🌿I also like to add milk and cereal as perfect any time meals, making it a staple for me. Whole grain cereals aren’t as hard to come by anymore and there are also other options aside from whole grain. Many childhood favorites are switching to whole grain cereals as well, while still remaining tasty (and sweet)! General Mills cereals such as Cascadian Farms and my favorite, Cinnamon Toast Crunch, are easy to find. Alternative milks are a bit pricier at times, especially considering they don’t come in gallon sizes, however there are more options than before and it’s fun to play around with if you desire! (Huge fan of rice and oat over here).

Grains and Beans, Vegs Get proteins!

Absolute go-tos are legumes and grains, their versatility stretch across cuisines with simple changes. Black beans, chickpeas, lentils (green and brown are easier to cook than red), oats, rice, barley, and quinoa are a few. These are excellent alternatives to meat and are huge sources of various nourishment. Protein is the biggest “but what about” for veg-heads, these knock out that misconception. Foods like these are high in iron, can help reduce blood sugar, and are great sources of fiber as well. Their substitutions and inevitable inclusion into a meatless diet yield benefits two-fold. Personally, I like to always have green lentils, black beans, basmati rice, quinoa, and steel rolled oats on hand. Even if I’m not eating them frequently for a season, they’re always there. There, when I open the cupboard hungry, with $2.36 to my name, ready to be thrown in the pot.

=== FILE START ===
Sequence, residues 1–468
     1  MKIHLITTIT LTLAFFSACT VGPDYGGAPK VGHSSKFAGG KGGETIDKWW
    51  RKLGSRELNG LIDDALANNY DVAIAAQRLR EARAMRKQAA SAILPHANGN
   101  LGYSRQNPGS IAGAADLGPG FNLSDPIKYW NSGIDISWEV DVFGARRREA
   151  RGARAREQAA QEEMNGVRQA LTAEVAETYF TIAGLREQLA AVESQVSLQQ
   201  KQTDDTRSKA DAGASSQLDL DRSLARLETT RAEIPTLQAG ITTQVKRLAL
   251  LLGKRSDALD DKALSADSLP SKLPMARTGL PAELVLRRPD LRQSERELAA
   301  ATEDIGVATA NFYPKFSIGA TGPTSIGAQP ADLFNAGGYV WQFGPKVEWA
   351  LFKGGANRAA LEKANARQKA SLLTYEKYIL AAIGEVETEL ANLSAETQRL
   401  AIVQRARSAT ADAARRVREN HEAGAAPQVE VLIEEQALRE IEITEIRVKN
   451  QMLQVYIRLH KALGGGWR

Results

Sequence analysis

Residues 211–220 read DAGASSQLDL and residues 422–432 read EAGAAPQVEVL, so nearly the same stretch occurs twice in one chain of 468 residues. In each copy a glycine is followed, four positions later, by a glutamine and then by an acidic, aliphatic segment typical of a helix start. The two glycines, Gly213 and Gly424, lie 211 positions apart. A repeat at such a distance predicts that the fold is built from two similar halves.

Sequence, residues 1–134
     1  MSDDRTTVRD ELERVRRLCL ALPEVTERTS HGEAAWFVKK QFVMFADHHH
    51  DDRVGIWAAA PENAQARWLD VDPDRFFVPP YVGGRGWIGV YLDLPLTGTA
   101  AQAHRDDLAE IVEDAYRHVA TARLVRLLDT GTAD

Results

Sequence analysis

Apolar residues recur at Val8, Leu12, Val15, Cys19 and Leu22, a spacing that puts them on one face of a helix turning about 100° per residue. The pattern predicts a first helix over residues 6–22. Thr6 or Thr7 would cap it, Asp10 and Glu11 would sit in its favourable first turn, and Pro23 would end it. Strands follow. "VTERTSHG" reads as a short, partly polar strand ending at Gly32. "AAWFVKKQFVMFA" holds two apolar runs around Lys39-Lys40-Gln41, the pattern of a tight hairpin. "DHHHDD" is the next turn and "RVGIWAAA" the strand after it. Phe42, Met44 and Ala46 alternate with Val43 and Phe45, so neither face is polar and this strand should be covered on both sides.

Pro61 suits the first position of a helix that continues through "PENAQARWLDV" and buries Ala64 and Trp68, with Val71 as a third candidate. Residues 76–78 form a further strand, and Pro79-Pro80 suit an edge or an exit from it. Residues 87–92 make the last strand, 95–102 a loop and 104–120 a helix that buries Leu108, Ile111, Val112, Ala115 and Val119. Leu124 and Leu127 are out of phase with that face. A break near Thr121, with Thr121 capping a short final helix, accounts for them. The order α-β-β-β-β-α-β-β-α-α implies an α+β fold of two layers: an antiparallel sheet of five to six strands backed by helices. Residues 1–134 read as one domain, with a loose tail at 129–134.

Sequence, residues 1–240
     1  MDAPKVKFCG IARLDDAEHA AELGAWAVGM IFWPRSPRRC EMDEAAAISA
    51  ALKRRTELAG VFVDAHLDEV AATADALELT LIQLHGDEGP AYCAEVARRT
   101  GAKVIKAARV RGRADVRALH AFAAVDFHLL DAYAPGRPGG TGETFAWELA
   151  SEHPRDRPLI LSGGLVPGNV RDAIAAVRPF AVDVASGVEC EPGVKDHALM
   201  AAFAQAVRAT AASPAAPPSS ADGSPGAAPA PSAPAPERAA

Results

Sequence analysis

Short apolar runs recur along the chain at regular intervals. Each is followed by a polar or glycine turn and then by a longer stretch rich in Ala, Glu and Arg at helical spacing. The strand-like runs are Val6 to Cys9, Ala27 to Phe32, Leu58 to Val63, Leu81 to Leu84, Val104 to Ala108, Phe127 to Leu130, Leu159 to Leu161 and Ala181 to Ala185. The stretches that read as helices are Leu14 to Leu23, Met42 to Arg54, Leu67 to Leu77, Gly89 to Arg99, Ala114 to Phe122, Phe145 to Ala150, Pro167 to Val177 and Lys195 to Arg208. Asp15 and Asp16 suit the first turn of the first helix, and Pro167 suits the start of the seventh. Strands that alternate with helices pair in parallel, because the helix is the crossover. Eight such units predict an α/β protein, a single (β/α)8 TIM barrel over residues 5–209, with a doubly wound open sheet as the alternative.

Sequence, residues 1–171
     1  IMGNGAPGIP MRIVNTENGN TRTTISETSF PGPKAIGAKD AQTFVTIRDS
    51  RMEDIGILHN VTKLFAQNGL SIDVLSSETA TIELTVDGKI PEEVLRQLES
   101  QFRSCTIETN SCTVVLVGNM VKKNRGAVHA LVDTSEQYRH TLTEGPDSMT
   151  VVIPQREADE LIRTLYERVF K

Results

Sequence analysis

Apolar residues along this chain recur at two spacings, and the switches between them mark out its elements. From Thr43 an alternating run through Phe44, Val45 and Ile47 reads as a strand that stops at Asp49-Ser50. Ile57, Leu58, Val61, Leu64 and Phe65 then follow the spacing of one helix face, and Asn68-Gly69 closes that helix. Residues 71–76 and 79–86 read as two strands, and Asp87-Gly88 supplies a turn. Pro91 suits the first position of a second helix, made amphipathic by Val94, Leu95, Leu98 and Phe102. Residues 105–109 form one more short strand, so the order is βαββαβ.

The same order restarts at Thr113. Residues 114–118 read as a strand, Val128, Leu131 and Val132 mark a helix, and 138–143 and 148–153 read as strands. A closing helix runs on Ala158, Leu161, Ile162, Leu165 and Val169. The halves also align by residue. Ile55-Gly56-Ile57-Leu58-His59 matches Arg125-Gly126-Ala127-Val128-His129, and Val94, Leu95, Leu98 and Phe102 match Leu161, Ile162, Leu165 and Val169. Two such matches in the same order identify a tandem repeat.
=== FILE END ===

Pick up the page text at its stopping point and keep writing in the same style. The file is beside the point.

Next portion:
Avoiding Flash Helps Save Cash